So I think I stumbled over this issue a day or two late, but I had to write something: according to Entertainment Weekly’s Shelf Life, the NewSouth Books‘ upcoming edition of The Adventures of Huckleberry Finn will omit all instances of the “N” word, replacing it with “slave.” The new edition will also be losing “Injun.”
Why? Well, we all know that The Adventures of Huckleberry Finn continues to be one of the most popular books to ban, the usage of the N word being the primary reason for this. Mark Twain expert Alan Gribben, who is spearheading the effort, says the removing certain words will “put the book into the hands of kids who would not otherwise be allowed to read it due to forces beyond their control (overprotective parents and the school boards they frighten).”
OK, I get that. I’ve never been bothered by the use of the N word in Huck Finn, and neither, apparently, was my high school since I read it in 9th grade. However, I do understand the need to get around those who seek to ban books.
However, throwing in the towel and giving in to those who censor literature is not right. The use of the N word in Huck Finn is historically accurate for the period it was written, and while the N word is certainly considered offensive today, to pretend that the word was never there is a gross bastardization of history. Ignoring a problem doesn’t make it go away, and while it may be shameful to think black people were considered as such, we should never attempt to forget or rewrite history. If we do, well as the old adage goes, we’re doomed to repeat it.
Besides manhandling history, this is also a gross attempt to neuter what is considered one of the greatest novels in American history. Huck Finn is important. And if students were reading the story as Mark Twain intended, they would realize that Twain was anti-slavery. The book lifts up the character of Jim and casts doubt over the treatment of African Americans in the 19th century. I was always astounded that Huck Finn was one of the most banned books in the US; they want to ban Mark Twain? He wrote about Tom Sawyer and Becky Thatcher, for pete’s sake. When it comes down to it, though, book banning and issues of censorship tend to enrage me in general. Knowledge shouldn’t be shielded from the public, and I firmly believe those who try to ban books from libraries and schools are cowards. They’re afraid to face the free dissemination of ideas and information, and the kind of consequences that might arise from learning something new.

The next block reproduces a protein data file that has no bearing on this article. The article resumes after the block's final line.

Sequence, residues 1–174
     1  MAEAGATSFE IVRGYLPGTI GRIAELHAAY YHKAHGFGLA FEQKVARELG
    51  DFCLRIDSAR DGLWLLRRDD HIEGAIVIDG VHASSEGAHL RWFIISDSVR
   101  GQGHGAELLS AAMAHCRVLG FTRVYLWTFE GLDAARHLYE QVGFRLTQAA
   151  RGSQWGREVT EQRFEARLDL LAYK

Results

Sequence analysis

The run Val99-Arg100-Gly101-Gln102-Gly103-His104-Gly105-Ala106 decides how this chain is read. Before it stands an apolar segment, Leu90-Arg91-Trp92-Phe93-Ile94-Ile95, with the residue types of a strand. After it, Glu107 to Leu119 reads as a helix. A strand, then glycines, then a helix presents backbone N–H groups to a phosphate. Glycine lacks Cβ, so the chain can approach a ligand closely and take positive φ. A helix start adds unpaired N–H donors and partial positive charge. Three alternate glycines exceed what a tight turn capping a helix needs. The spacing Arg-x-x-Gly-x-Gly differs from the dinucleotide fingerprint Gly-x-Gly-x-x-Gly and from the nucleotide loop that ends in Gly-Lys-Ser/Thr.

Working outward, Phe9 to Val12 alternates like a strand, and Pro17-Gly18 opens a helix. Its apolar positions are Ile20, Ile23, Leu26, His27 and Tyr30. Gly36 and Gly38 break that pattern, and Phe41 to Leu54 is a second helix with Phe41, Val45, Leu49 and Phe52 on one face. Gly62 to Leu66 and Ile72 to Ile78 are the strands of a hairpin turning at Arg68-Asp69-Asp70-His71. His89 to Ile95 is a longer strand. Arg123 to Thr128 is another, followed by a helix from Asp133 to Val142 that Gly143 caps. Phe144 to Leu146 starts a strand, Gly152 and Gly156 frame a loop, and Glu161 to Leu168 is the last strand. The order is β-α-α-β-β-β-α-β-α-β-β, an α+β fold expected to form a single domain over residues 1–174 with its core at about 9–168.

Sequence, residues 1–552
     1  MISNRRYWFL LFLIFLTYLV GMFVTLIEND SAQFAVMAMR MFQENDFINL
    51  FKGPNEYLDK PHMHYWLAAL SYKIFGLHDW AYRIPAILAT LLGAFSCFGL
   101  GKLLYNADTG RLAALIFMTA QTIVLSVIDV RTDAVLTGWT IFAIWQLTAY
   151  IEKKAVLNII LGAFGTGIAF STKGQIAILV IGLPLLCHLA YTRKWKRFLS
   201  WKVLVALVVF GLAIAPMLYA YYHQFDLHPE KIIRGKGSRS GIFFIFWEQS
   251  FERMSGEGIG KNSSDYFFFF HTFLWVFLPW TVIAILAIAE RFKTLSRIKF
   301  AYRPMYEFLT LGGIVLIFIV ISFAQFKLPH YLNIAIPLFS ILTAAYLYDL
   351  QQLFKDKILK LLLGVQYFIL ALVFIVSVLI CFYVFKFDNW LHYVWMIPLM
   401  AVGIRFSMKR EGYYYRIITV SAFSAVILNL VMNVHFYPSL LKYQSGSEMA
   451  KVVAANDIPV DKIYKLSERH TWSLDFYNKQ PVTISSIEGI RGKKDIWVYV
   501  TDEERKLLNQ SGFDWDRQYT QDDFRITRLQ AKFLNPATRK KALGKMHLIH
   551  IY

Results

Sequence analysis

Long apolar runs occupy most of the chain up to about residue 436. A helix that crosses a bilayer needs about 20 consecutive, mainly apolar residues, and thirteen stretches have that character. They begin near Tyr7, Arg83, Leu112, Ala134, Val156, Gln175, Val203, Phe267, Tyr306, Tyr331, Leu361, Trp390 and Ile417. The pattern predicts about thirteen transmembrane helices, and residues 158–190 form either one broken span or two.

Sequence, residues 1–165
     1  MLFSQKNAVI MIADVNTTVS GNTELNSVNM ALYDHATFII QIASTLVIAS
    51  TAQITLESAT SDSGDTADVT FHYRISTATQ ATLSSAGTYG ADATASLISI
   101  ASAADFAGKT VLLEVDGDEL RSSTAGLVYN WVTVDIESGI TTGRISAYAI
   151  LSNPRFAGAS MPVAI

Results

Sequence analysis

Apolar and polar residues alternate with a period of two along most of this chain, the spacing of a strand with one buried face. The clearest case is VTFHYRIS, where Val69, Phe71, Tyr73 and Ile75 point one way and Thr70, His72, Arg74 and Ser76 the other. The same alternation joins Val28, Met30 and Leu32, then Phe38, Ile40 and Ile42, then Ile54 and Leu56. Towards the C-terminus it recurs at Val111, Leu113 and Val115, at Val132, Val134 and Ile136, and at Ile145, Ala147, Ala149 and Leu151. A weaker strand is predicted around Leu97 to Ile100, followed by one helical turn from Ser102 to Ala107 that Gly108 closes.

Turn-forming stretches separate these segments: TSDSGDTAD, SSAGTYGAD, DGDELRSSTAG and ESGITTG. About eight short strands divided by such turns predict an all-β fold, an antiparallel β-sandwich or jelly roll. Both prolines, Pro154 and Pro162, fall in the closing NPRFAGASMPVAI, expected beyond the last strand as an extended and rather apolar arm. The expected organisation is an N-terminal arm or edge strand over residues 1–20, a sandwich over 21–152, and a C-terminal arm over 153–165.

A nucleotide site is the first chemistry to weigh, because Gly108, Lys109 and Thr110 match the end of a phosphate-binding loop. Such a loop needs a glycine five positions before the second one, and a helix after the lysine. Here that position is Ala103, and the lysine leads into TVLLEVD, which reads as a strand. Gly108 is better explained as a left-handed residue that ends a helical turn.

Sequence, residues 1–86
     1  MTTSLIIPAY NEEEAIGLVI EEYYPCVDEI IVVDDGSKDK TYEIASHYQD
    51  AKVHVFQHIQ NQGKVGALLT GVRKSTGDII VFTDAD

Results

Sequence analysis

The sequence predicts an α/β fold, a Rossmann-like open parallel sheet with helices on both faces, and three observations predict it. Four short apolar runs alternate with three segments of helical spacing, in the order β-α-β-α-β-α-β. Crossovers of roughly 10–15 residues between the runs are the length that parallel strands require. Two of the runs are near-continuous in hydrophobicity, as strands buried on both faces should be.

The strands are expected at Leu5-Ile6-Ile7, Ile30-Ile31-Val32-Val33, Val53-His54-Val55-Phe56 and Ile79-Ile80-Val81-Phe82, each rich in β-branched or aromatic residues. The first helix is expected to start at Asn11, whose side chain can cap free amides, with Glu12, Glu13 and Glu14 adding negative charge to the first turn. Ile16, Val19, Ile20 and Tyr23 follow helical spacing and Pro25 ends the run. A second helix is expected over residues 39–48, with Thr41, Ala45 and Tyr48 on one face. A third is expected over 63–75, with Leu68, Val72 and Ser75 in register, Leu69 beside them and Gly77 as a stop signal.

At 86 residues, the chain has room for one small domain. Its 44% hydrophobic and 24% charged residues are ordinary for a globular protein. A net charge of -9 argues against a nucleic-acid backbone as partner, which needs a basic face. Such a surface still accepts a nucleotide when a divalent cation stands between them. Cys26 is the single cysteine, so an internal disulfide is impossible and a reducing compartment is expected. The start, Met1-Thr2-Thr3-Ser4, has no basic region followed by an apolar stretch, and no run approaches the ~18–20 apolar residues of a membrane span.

When I posted this article on Facebook yesterday, a friend of mine said this reminded him of the quote:
We train young men to drop fire on people, but their commanders won’t allow them to write ‘fuck’ on their airplanes because it’s obscene!
I couldn’t agree more. From what are we protecting our children? And of how much are they already aware? We hand our children violent video games and plop them in front of television shows that appeal to the basest level of their intellect, and yet parents somehow feel it’s awful for their children to read semi-controversial subjects in literature. And like I’ve said before: this is The Adventures of Huckleberry Finn for God’s sake, not smut or novels written for adults. This is the story of a young man coming to terms with the world—the perfect novel for the millions of junior high and high school students who read it every year. Our children are more mature and aware of the world than ever before. It is a rare young person who hasn’t come across the N word before they reach high school. And if they haven’t, would we rather them learn about the N word in rap songs—songs that also speak of guns, drugs and degrading women—or world-class literature?
What it comes down to is this: it takes less effort to censor something than to teach. Having the N word in Huck Finn is a great opportunity for English teachers to discuss the ramifications of this word in a historic, cultural context. If parents are afraid their children will misinterpret its usage, then they can read the book along with their child and host their own discussions at home. But no. That is too much work. It is much easier to give in to censors and change one of the most iconic works in the American literary canon.